Think your kids haven’t been lazing about the house much? New information may just scare you straight — to the park with ball in hand.
By Heather Camlot
Do you remember what it was like to climb a tree? Jumping to reach that first branch, pulling yourself up with all your might, swinging one leg up and over, then moving higher and higher until you took a break, surveyed the landscape and grew a proud smile.
Now, when was the last time your kids climbed a tree? Or ran around the backyard chasing the dog? Or did any type of exercise for a prolonged period of time?
According to the first-ever Canadian Physical Activity and Sedentary Behavior Guidelines for Early Years, released last month, children age one to four should be active 180 minutes per day and children under one active several times a day.
Technology is impeding efforts to get kids up and moving. And a sedentary lifestyle, which research has shown to be as high as 73 to 84 percent of young children’s waking hours, hinders regular physical fitness and its positive effects, including bone and skeletal health, motor skill development, and of course healthy body weight.
We asked Allana LeBlanc, research coordinator for Healthy Active Living and Obesity Research Group, which supported the new guidelines, to further explain technology’s effects on young children, the rise of sports video games and how to healthily integrate gadgets into our lives.
How does technology affect our children’s physical activity levels?
Increases in the access and availability of different types of technology, such as the internet, TV, video games, smartphones, tablets, takes up time that may have previously been available for playing outdoors, playing with friends or engaging in more traditional physical activities and sports.
We’ve all seen kids we know “glued” to screens; well, research supports the fact that technology-based devices such as video games also tend to promote sedentary behaviour, or prolonged sitting. These devices are attractive and tempting to children and youth—in fact, many of them are purposefully targeted at kids, using animation, graphics and storylines that resonate with children. Plus, kids may feel social pressure to try new games or devices because they’re seen as popular.
Overall, the rise in technology in our developed society keeps people indoors, where they have less opportunity to interact with nature or peers—both of which promote overall physical activity levels. Even in so-called “active” video games, we’re seeing that technology may keep kids away from real-life experiences; for instance, instead of going skiing, they’ll try it on a video game.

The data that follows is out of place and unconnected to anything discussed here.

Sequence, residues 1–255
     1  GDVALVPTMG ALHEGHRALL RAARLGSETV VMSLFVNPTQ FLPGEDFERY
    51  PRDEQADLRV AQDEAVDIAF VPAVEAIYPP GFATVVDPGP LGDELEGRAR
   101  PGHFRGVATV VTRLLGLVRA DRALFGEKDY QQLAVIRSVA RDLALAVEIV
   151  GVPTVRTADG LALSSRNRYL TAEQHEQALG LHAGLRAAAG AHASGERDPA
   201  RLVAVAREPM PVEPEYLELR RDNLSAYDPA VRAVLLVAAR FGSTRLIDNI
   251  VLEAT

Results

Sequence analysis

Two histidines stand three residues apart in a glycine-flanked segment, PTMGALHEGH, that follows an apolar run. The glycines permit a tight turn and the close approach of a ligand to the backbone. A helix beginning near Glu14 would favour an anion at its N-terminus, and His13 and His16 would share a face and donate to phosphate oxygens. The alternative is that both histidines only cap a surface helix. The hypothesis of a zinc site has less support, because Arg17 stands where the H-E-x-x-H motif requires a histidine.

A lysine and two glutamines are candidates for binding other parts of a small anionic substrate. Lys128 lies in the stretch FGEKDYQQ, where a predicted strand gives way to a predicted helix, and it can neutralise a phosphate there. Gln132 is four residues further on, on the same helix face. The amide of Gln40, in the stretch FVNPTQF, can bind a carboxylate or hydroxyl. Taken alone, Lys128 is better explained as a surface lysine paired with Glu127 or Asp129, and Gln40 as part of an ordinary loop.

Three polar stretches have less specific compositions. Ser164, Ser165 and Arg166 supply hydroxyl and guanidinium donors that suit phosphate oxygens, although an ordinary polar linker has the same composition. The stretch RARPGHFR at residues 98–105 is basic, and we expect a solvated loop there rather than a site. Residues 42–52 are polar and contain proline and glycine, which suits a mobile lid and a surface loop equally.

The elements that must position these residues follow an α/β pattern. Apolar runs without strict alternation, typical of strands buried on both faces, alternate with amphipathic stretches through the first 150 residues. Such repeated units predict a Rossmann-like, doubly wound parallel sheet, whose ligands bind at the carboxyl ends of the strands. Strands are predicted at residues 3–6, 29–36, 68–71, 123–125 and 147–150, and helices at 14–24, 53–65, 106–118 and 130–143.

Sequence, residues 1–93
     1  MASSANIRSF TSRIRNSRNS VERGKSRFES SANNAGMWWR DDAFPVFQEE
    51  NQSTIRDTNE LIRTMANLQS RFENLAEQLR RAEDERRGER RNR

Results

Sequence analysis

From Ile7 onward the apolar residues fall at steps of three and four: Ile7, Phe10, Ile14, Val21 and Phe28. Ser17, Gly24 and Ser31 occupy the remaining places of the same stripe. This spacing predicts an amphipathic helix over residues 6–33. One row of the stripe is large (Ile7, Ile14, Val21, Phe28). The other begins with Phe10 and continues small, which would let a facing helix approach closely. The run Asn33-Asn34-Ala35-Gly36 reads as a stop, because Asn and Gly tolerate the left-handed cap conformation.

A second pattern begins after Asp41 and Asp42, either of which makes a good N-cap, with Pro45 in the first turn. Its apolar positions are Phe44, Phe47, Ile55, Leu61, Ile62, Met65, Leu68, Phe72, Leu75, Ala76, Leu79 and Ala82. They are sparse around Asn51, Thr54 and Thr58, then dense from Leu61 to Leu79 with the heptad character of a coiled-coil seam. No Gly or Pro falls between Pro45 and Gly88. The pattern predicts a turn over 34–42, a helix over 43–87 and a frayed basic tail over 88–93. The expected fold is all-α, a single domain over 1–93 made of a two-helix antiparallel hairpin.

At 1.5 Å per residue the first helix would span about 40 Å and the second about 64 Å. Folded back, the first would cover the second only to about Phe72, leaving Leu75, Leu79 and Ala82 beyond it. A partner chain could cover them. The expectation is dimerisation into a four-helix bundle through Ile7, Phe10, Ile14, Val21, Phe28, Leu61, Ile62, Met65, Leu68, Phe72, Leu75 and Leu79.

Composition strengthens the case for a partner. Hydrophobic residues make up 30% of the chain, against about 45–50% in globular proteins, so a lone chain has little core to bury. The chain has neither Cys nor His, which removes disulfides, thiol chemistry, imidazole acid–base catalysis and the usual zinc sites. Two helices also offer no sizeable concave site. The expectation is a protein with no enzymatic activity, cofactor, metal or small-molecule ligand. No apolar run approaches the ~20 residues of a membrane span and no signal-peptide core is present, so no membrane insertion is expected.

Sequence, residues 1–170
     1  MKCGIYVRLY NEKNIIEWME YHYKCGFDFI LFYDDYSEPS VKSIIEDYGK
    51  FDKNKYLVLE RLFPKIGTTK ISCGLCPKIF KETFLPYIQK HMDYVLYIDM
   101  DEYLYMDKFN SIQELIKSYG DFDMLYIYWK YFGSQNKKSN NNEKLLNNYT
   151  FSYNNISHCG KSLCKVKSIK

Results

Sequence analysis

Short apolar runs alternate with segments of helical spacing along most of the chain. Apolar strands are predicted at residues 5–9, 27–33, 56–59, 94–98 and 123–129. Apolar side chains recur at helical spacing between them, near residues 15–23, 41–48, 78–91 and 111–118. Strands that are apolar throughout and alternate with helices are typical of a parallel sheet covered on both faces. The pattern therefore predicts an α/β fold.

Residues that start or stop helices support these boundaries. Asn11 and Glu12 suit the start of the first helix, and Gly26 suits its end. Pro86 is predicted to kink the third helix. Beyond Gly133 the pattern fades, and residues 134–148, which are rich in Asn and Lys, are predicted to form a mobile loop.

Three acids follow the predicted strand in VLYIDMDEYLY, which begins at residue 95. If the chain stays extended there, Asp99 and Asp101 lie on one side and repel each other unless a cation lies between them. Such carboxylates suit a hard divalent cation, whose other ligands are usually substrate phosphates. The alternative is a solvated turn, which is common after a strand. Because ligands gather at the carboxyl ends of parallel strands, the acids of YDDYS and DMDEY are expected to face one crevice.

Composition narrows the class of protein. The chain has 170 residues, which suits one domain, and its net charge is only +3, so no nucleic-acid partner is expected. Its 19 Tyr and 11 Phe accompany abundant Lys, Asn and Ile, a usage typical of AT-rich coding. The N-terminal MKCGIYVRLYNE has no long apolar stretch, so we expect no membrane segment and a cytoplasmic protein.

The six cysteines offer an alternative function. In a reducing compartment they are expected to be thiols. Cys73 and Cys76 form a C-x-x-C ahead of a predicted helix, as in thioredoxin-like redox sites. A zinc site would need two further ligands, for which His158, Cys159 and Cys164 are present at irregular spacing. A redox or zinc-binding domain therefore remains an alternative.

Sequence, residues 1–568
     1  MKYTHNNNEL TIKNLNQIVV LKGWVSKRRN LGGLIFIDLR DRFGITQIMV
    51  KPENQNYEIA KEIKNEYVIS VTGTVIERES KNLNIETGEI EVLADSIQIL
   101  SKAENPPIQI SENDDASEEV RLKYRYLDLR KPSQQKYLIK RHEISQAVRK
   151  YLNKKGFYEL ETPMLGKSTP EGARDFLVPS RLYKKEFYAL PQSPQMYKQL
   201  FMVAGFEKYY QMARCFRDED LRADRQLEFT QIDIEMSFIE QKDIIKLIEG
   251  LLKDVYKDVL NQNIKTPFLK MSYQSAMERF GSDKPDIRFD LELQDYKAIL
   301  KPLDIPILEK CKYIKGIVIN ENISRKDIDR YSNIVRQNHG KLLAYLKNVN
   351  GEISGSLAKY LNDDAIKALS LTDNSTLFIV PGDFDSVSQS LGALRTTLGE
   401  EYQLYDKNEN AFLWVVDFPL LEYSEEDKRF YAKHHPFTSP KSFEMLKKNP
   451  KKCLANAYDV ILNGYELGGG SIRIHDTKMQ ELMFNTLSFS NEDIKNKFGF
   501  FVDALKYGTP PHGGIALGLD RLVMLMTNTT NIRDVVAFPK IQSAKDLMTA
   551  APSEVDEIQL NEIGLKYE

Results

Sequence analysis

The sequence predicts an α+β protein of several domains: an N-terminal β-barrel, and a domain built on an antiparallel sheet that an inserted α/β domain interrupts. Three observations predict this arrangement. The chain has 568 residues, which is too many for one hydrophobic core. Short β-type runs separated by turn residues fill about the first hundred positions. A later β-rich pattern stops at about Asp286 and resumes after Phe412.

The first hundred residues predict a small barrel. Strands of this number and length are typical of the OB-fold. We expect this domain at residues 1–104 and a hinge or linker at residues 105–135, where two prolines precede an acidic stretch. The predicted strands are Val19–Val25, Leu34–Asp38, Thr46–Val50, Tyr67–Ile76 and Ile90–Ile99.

Is there any place for technology in getting our kids to move, i.e. Wii sports, kid-friendly pedometers, etc.?
If “active gaming” is replacing passive, or sedentary video game time, these games may be considered beneficial, but not if the active video-gaming is replacing outdoor activity or participation in real-life sports.
We know that active video games increase energy expenditure in the short term; however, we don’t know how these games affect energy intake or eating habits. We also don’t know a lot about the long-term activity patterns of kids who play active games—for instance, do they stay more active overall, do they learn to adapt to the games over time?
Anecdotally, we know that active video games don’t keep people’s interest activities or increase overall energy expenditure when compared to authentic real-life sports. There are some great web-based apps and pedometers that can help people be physically active by helping them to track their activities – these are helpful for some families, but unfortunately not all.
How should we then approach technology?
We do have to realize that technology is not going away! Interacting with technology, playing video games and even watching TV are okay as long as these activities are done in moderation and in balance with adequate levels of authentic physical activity and social interactions.
According to the Canadian Physical Activity and Sedentary Behaviour Guidelines for the Early Years (0-4 years), kids under two should be getting zero screen time and kids aged two to four should be getting no more than one hour per day. For children and youth, the recommended limit is two hours per day.
First published April 16, 2012, on WorkLivePlayCafe.com.